An Abundance of Hope
“Hello Kim-Sensei! I’ve been waiting to meet you!”
These were the first words nine-year-old Arashi said to me in person. After waiting two years to move to Japan, these words and getting to meet Arashi were truly a blessing.
If you would have asked me two years ago, “Hey Kim, do you want to run an Autism and ADHD Support program for families in Japan from your home in Washington,” I would have laughed. But when Japan closed their borders in March of 2020, that’s where I found myself. I was newly hired as the Japan Program Coordinator and Behavioral Analyst and was working on my deployment to Japan when COVID changed everything. How long would this shutdown last? Unsure of how to run a program from across the Pacific Ocean, it seemed impossible. The original goal had been to work together in person. How could this possibly work?
Thankfully, God had His plans.
During this time, Pastor Haga, the pastor at Megumi Lutheran church in Mito, Japan and I worked to run parent support groups online. He would translate while I offered my expertise and advice to parents of children with disabilities. In October 2021 I was invited to participate in an online meeting with teachers and parents from Tomobe Higashi Special Support School, the local school for children with disabilities. Through that, Pastor Haga was able to invite people to check out our support groups. I started to see how God was working through our program to reach people in Japan even while I was in Washington. He gave me hope.
These were the kinds of conversations that Kim Zehfus was able to have during 2020 and 2021. Thanks to Zoom calls, Kim was able to continue to serve despite strict lockdowns in Japan.
Finally on April 8, 2022, I arrived in Japan. Just before I deployed, a member from my home congregation said to me, “You must really believe in your program if you waited two years to go.” My answer is, yes! Yes, because of the relationships I had formed with these people thousands of miles away.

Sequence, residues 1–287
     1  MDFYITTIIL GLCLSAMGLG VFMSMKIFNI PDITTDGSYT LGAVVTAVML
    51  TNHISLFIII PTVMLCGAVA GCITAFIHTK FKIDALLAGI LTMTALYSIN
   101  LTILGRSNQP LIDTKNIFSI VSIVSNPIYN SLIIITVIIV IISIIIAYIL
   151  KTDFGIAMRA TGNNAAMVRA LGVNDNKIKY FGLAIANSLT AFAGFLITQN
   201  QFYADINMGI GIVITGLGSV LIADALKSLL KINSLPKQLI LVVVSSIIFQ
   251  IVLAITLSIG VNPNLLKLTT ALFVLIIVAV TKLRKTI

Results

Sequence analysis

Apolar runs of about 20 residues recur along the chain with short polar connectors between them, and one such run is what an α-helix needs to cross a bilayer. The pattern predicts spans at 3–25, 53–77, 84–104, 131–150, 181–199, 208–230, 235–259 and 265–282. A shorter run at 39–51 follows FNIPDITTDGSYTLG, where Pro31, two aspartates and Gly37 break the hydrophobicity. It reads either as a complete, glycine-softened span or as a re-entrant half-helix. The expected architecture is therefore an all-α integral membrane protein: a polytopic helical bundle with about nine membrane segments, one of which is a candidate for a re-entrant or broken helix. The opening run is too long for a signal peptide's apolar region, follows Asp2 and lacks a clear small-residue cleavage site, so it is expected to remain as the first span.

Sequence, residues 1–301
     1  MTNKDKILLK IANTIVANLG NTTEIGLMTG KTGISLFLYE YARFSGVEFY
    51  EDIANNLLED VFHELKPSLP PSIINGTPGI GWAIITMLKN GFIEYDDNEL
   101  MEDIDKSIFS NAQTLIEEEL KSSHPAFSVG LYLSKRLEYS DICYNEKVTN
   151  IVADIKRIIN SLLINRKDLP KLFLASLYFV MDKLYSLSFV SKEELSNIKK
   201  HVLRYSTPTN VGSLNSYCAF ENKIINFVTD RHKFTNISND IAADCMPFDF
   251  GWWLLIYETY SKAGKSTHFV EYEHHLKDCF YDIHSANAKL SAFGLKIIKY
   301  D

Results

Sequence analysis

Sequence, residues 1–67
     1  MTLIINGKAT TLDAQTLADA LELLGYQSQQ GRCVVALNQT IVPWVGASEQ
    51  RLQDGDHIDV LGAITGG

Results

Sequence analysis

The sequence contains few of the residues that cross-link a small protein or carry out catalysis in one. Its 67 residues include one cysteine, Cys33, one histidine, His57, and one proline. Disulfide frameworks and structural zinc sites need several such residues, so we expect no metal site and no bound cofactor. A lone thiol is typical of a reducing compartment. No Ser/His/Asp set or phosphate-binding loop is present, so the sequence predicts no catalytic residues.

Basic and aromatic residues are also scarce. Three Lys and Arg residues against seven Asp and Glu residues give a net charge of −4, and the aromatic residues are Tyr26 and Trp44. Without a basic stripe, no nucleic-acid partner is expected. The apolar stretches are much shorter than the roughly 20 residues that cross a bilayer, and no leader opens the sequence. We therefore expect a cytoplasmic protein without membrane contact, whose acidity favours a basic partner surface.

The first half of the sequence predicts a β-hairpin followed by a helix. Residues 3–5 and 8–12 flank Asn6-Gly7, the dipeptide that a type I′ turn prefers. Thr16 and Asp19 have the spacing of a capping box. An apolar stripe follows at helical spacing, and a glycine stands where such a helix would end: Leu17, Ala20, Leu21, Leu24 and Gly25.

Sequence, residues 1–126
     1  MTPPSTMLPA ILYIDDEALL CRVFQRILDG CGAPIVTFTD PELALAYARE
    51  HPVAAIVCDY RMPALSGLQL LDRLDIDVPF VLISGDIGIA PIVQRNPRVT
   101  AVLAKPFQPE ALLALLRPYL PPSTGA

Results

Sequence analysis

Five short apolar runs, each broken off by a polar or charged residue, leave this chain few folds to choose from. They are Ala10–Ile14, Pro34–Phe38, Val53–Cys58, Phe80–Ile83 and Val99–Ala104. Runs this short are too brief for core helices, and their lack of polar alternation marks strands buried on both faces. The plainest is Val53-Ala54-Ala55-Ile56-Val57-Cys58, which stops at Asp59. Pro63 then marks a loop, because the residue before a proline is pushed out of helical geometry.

Now that I’m in Japan, there are new challenges. In America I would work with one child for 2-3 hours each day 5 days a week. In Japan I only get to spend a few hours with the children each month, always in a group setting. But I still get to know each child. Arashi likes trains and thinks dinosaurs are the coolest. Shion loves Pokemon. Tatsuki favorite thing is Thomas the Tank Engine. Jyotaro loves reading books with photos. Once I find a way to connect with each child, it is such a blessing. During our meetings together I combine activities that will be fun for each child. Sure, they often talk in Japanese so fast that I struggle to fully understand, but I still feel a genuine connection to them.
The parents who attend these support groups are much like the parents I worked with in the United States. They need someone to encourage them, support them, and show them how to connect with their child. I listen to them and offer what I know. I might not be able to meet with them each day, but I know that the Christian support and encouragement I provide to these families and kids provides true hope.
My dream is that this program becomes a place where these families can come together and have a sense of community, where children can interact with one another in a safe environment and parents can receive support and encouragement. But most importantly, that these children and their families will experience the love of God. Because our program comes with a promise: God loves us, knows us by name, and through Him we can have an abundance of hope.
Now that Kim Zehfus is in Japan, parent support groups have been able to take place in person. Here are some of the images from a few of the summer activities.